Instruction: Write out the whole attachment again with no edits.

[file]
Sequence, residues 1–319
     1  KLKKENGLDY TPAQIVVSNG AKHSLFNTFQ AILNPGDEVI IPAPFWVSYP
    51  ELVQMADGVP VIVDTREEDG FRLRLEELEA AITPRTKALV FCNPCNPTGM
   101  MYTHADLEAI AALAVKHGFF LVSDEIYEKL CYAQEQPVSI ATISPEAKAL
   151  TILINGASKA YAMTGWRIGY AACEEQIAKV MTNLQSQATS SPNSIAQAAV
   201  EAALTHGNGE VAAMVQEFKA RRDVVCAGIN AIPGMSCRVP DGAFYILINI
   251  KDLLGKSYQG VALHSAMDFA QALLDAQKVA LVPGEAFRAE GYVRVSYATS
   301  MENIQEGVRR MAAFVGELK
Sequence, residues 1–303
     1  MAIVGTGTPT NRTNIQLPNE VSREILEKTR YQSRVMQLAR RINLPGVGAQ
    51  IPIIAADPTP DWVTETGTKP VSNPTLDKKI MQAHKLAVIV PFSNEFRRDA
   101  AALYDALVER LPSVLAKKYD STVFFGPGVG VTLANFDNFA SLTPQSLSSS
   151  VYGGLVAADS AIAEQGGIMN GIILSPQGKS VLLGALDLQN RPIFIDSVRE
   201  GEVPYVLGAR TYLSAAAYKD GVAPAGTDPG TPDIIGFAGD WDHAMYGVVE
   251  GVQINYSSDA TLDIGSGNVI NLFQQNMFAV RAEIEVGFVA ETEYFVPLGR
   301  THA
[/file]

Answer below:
Sequence, residues 1–319
     1  KLKKENGLDY TPAQIVVSNG AKHSLFNTFQ AILNPGDEVI IPAPFWVSYP
    51  ELVQMADGVP VIVDTREEDG FRLRLEELEA AITPRTKALV FCNPCNPTGM
   101  MYTHADLEAI AALAVKHGFF LVSDEIYEKL CYAQEQPVSI ATISPEAKAL
   151  TILINGASKA YAMTGWRIGY AACEEQIAKV MTNLQSQATS SPNSIAQAAV
   201  EAALTHGNGE VAAMVQEFKA RRDVVCAGIN AIPGMSCRVP DGAFYILINI
   251  KDLLGKSYQG VALHSAMDFA QALLDAQKVA LVPGEAFRAE GYVRVSYATS
   301  MENIQEGVRR MAAFVGELK
Sequence, residues 1–303
     1  MAIVGTGTPT NRTNIQLPNE VSREILEKTR YQSRVMQLAR RINLPGVGAQ
    51  IPIIAADPTP DWVTETGTKP VSNPTLDKKI MQAHKLAVIV PFSNEFRRDA
   101  AALYDALVER LPSVLAKKYD STVFFGPGVG VTLANFDNFA SLTPQSLSSS
   151  VYGGLVAADS AIAEQGGIMN GIILSPQGKS VLLGALDLQN RPIFIDSVRE
   201  GEVPYVLGAR TYLSAAAYKD GVAPAGTDPG TPDIIGFAGD WDHAMYGVVE
   251  GVQINYSSDA TLDIGSGNVI NLFQQNMFAV RAEIEVGFVA ETEYFVPLGR
   301  THA